Beginnings are a phenomenon we all experience. It can be a subtle start to something new, or it can change you're entire existence in a short period of time. Beginnings are often disguised as, or found immediately following, an ending. And endings can be challenging.
Every yoga student has a beginning, that day they first experience a class led by a trained teacher with other students in the room. Some people remember the exact date and time of the class, while others have a vague recollection of the experience.
My beginning with yoga was one of those subtle starts. I was in my mid-twenties and looking for a workout that didn't involve me feeling sick at the conclusion. I entered a yoga class at the Adult Center is Roswell, where, as expected, there were several experienced yogis in that sweet time of their lives we often refer to as the golden years. I was an outsider to be sure. I found a space close to the wall in the back. The instructor came over and introduced herself, I couldn't have told you her name five minutes later if you asked me. She inquired about my previous experience with yoga (none) and if I had any injuries. I went through the motions of the practice, not really making a judgement about the class and I don't remember much about that particular day beyond laying in savasana (resting pose) and thinking, "How long is this lady going to ask us to lay here with our eyes closed? I have things to do. I came here to do yoga, not rest!"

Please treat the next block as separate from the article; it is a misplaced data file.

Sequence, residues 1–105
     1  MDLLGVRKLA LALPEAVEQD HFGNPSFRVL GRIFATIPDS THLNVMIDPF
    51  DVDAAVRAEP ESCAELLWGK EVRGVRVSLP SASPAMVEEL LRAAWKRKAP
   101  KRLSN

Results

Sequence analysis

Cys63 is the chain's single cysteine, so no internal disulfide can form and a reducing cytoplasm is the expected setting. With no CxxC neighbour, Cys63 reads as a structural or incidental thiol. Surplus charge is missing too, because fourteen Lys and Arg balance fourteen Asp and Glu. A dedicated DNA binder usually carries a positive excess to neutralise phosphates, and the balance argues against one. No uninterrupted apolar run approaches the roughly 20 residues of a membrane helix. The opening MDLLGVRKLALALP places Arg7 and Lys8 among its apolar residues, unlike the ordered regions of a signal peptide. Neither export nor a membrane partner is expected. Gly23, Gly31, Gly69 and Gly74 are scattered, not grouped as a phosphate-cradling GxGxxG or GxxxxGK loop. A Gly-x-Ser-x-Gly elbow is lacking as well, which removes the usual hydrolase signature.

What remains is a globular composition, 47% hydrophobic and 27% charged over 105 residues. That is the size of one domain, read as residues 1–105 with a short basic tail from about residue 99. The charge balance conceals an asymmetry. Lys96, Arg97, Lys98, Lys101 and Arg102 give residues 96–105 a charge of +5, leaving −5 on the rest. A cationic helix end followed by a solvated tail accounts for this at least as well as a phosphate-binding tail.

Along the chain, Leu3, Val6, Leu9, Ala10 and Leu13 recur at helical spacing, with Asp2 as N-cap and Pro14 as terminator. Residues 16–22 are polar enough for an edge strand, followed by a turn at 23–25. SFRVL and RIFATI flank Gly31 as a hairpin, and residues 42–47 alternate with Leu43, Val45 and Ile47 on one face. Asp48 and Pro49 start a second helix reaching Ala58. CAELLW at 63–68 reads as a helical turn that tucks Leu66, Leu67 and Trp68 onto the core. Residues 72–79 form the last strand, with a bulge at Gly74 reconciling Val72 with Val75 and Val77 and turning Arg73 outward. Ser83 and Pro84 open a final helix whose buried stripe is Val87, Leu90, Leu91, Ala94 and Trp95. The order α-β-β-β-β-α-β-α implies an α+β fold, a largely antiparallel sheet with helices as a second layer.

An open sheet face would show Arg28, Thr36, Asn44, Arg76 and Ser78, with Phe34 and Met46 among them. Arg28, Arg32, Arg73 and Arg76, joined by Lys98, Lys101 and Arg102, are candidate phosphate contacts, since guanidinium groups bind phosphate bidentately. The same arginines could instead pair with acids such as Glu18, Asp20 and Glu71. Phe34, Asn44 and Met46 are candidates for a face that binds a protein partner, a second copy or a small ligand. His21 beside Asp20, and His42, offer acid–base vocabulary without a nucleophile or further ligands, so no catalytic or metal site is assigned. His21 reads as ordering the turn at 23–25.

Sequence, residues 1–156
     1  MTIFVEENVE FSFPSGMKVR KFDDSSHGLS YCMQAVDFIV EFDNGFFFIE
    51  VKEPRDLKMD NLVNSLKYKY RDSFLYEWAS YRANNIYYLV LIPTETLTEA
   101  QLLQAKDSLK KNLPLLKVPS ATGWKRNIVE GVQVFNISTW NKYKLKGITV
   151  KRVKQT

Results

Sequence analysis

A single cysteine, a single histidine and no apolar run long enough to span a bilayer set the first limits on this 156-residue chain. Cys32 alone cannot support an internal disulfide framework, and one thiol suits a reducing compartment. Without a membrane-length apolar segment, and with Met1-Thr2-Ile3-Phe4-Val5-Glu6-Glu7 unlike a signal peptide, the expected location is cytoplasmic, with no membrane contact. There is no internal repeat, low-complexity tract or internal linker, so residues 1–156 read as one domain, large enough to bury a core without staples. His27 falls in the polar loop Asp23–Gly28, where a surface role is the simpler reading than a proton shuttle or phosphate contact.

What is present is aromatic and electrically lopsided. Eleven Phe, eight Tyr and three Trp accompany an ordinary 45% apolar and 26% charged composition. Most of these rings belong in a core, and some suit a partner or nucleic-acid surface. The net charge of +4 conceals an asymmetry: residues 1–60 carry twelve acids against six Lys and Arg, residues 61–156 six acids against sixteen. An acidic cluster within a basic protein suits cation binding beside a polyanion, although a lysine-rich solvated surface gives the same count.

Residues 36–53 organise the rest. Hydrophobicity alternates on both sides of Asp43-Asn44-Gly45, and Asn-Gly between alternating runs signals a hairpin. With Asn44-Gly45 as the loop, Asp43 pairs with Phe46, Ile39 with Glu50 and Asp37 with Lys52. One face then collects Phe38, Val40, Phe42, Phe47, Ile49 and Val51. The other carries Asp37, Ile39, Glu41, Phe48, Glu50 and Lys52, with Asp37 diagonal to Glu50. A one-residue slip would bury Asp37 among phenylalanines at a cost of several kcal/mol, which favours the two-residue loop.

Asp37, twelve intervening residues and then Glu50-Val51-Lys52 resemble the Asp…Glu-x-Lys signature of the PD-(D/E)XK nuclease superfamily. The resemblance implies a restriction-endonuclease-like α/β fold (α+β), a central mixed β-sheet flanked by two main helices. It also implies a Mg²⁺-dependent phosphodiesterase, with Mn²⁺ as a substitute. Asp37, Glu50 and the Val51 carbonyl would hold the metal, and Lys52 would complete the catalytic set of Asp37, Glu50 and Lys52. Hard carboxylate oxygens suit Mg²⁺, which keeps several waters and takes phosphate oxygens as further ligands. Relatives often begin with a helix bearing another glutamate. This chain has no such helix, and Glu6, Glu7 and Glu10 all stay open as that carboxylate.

I went back the next week, made a friend closer to my age, and remembered the instructors name. It was Colette. I still laid in savasana and let my thoughts go wild, questioning why anyone would want to just lay here on the floor for so long.
I kept going. I learned the names of some of the poses and started to relax a little in savasana.
I kept going. I learned Colette was opening her own yoga studio. When that studio opened at Kana Clothes I experienced a whole new practice. I learned to enjoy savasana. Colette became a friend and a mentor and I attended her classes with a dedication I had never offered to anything in my life.
I teach at the studio at Kana Clothes now because I had a mentor who inspired me and encouraged me. My yoga beginning was subtle, and I certainly never knew that yoga would become such a huge part of my life.
Beginnings are a curious thing. If we pay close attention to our experiences we can start to recognize when something is a beginning.
The very first Yoga Sutra of Patanjali says:
With prayers for divine blessings, now begins an exposition of the sacred art of yoga.
Enjoy your beginnings and love yourself as a beginner in any new experience.